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    • Hi   I assume this mattress was the Tenants own property?   So after moving out the Tenants provided an attachment showing a stained mattress and wanting full deposit back and threatening to claim against you for this.   1. Tenants failed to notify you of this stained mattress issue until the end of tenancy after they had vacated the property.   2. You have no evidence that this was the actual mattress used in that property nor evidence to back up there claim the staining caused this mattress damage.  (i.e. one of them could have had an accident and wet the bed or done this when they moved from the property).     3. Ask them that you wish the mattress independently inspected. (which you are fully entitled to do and if it proves this claim is false it will be added to the deposit claim by you the landlord for damages as well as the Garden if you need to get landscapers in to carry out the work that should have been carried out by Tenants as per Tenacy Agreement and raised  by yourself (Landlord) on a few occasions which Tenants failed to rectify even at end of tenancy.   4. Ask them to provide you with the contact details of there Contents Insurance Company (tenants whether Private or Social Housing should always take out and have Contents Insurance but is up to that tenant) bet they don't provide it Big question is the Deposit protected in a Tenancy Deposit Scheme (TDS) and those Tenants that have left were given a copy of the Prescribed Terms for that TDS? (Bear in mind you may need to tell TDS that you are in dispute with the Tenant about damages i.e. mattress and Garden)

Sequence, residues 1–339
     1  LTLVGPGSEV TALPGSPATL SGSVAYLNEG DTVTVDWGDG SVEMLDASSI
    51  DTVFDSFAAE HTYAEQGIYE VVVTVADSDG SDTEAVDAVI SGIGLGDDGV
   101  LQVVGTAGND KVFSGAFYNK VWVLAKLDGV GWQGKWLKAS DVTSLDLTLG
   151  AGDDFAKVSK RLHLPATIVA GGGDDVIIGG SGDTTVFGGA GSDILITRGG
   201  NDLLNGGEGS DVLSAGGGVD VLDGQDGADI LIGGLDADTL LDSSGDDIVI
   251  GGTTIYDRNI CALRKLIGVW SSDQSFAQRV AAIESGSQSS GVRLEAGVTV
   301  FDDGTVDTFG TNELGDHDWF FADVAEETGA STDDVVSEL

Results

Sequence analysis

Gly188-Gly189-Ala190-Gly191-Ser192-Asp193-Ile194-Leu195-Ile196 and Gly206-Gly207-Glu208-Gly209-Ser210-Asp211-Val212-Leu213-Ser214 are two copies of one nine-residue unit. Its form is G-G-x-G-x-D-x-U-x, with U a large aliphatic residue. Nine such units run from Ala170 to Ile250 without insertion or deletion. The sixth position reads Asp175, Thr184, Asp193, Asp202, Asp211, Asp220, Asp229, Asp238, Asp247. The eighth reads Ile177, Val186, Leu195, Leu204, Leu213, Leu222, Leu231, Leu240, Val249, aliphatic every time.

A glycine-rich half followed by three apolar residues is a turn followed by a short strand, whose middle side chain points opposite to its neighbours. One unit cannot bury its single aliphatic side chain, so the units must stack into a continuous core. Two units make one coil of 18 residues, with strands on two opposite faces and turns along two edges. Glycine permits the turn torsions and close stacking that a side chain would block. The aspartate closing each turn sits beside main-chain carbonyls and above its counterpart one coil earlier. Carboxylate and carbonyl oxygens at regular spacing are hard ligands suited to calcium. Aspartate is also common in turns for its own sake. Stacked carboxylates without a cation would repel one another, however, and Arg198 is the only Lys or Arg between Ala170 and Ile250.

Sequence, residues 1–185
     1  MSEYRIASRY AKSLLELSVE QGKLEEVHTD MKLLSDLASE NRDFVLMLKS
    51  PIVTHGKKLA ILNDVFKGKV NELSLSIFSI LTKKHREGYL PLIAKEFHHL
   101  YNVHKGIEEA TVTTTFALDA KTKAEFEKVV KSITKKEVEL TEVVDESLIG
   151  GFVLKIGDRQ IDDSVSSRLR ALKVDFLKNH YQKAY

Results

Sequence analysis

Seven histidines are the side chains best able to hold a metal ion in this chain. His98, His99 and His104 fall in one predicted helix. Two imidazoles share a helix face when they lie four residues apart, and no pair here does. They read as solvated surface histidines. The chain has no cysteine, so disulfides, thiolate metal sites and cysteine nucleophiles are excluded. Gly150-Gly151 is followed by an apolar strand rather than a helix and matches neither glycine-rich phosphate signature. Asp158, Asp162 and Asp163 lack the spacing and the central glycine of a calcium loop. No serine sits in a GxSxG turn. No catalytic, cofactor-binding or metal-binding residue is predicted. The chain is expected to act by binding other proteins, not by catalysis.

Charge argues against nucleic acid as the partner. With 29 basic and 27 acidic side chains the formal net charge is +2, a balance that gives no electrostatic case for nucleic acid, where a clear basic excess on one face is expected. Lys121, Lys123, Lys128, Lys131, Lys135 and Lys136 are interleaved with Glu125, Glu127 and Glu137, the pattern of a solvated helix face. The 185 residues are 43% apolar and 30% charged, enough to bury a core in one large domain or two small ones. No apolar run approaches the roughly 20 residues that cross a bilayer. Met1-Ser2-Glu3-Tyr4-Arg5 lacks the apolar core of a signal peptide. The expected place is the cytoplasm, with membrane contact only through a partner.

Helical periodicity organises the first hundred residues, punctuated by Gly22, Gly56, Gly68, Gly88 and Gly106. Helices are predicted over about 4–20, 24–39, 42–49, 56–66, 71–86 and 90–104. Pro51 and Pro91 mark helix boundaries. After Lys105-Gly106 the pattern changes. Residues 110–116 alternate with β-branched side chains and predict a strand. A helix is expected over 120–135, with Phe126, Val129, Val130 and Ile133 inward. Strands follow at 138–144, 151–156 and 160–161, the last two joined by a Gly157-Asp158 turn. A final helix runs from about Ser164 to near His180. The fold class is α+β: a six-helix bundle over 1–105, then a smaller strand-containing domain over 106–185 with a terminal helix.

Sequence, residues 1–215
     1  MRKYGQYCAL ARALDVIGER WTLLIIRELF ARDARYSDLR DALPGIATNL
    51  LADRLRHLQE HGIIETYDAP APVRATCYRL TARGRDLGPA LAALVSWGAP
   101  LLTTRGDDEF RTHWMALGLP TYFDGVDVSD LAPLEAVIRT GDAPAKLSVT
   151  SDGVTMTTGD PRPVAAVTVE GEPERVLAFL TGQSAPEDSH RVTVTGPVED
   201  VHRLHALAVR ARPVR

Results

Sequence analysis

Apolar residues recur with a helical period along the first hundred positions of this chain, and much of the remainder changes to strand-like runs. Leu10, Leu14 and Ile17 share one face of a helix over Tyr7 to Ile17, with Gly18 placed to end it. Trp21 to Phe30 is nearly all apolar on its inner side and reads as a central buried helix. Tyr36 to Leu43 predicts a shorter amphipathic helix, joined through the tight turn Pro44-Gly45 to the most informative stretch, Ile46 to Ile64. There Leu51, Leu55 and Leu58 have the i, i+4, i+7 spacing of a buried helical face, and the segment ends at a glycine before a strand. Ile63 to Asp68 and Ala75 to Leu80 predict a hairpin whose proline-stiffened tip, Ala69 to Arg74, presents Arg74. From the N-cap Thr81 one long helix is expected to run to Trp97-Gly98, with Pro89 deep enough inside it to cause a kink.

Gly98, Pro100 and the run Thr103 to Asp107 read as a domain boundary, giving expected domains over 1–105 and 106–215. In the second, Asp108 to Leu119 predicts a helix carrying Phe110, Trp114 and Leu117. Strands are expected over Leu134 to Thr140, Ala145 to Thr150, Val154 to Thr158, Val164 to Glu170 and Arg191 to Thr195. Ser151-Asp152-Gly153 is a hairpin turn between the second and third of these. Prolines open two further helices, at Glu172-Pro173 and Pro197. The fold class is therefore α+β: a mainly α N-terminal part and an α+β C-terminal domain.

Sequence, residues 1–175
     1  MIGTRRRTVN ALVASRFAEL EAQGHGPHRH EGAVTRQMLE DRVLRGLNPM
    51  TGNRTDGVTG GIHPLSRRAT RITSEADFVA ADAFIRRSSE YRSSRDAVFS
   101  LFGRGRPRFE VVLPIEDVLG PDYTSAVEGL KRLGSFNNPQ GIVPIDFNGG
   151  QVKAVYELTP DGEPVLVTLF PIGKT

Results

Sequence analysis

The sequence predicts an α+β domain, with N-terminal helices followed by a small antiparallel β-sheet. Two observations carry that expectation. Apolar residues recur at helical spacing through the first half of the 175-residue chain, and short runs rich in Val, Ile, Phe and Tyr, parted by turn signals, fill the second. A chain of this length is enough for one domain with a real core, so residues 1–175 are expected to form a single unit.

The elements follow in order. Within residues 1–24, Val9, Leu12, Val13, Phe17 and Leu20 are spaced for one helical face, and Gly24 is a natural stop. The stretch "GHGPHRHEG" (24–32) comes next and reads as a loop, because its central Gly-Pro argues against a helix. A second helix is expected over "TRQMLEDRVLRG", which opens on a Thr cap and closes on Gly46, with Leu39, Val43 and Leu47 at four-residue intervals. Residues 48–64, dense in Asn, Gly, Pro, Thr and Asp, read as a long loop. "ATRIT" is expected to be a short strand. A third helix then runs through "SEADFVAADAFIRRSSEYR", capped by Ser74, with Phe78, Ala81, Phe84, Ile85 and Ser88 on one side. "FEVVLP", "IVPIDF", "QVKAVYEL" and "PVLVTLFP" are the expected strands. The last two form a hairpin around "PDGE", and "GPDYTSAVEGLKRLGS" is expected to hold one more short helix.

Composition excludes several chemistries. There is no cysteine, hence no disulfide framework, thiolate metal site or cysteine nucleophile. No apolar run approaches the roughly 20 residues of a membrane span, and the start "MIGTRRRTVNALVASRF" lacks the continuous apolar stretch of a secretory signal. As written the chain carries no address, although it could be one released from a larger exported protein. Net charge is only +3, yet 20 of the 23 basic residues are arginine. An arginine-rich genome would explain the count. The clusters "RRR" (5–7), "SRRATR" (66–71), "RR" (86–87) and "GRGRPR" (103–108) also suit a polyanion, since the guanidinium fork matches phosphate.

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    • Hi again   Yes, it's been a lovely day weather wise.   Guess you've better things to do with weather like today than help with this problem, so thanks very much for your input, it's very much appreciated.   Late this afternoon I did receive a reply from the tenants, and they are asking me to go 50/50 with getting the garden sorted, not only that, as they have moved away they are expecting me to get the quotes.   Regarding you view on this issue, its so easy not to see the whole picture and my thoughts that the staining damp may be of their own doing didn't occur to me as I was so locked into the historical leak. Taking a closer look at the room in question today, I'm convinced that they are trying it on with the stained mattress- they did mail through a picture and then a receipt for supposedly the mattress. My wife and I then took both the pic and receipt to the bedding store where purchase was made to ask if the two married up, the picture does not show any emblems/manufactures logo or such to prove that this is the case, so we are none the wiser- our thoughts being that the stained mattress is from elsewhere.   A few days back I spoke to our letting agent regarding all of this, as was quite correctly mentioned there are two parts to this equation, namely the mattress and then the property.   Our agents mentioned to me that as an inventory was not carried out initially with the let, (hindsight) the pictures that were used to advertise the property could not be used as evidence to present to the TDS to be compared to the pictures now as there is no proof that the advertising pictures were in fact how the property was when the let started. I mentioned that all digital pictures have a means of finding when that pic was taken- Geo tag/Metadata- agent was quite surprised by this. The agents thoughts then went for a hide in a vacuum-   This is going off at a tangent here-many moons ago my wife studied computer science at a local University, one of her classmates who she is still in touch with is now a practising Solicitor. My wife suggested that maybe I give her a call, a bit rude I guess, but I did  phone and with the pleasantries out the way  I asked for her opinion of the best way to get this sorted. Her remit isn't landlord type stuff, however she will speak to a colleague on Monday and come back to me.   The property is due to be relet on the 21st, we will ensure that the new tenants move in to a home that is immaculate and welcoming, trouble is its getting a tadge close to get the garden issues sorted in time.   I know that all this will get closure in the end, but at the moment I've had more fun with a toothpick-   Again, many thanks.